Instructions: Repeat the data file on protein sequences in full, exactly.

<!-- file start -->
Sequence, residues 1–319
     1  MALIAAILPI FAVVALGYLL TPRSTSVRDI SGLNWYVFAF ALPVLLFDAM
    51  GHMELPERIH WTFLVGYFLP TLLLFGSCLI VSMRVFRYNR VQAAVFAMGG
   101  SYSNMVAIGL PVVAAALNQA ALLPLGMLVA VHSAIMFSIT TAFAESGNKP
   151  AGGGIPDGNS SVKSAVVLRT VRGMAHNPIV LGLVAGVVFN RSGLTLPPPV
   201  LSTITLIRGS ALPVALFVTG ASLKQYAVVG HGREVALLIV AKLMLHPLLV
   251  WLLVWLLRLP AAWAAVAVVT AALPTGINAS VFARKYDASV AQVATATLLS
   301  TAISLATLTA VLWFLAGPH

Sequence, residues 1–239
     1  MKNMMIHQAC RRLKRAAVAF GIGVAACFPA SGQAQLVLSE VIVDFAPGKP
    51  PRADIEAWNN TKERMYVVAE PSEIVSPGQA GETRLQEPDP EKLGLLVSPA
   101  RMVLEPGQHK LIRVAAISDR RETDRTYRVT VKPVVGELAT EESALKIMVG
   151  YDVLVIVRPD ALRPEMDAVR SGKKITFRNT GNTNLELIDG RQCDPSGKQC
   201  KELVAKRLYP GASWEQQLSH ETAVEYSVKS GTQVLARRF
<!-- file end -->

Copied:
Sequence, residues 1–319
     1  MALIAAILPI FAVVALGYLL TPRSTSVRDI SGLNWYVFAF ALPVLLFDAM
    51  GHMELPERIH WTFLVGYFLP TLLLFGSCLI VSMRVFRYNR VQAAVFAMGG
   101  SYSNMVAIGL PVVAAALNQA ALLPLGMLVA VHSAIMFSIT TAFAESGNKP
   151  AGGGIPDGNS SVKSAVVLRT VRGMAHNPIV LGLVAGVVFN RSGLTLPPPV
   201  LSTITLIRGS ALPVALFVTG ASLKQYAVVG HGREVALLIV AKLMLHPLLV
   251  WLLVWLLRLP AAWAAVAVVT AALPTGINAS VFARKYDASV AQVATATLLS
   301  TAISLATLTA VLWFLAGPH

Sequence, residues 1–239
     1  MKNMMIHQAC RRLKRAAVAF GIGVAACFPA SGQAQLVLSE VIVDFAPGKP
    51  PRADIEAWNN TKERMYVVAE PSEIVSPGQA GETRLQEPDP EKLGLLVSPA
   101  RMVLEPGQHK LIRVAAISDR RETDRTYRVT VKPVVGELAT EESALKIMVG
   151  YDVLVIVRPD ALRPEMDAVR SGKKITFRNT GNTNLELIDG RQCDPSGKQC
   201  KELVAKRLYP GASWEQQLSH ETAVEYSVKS GTQVLARRF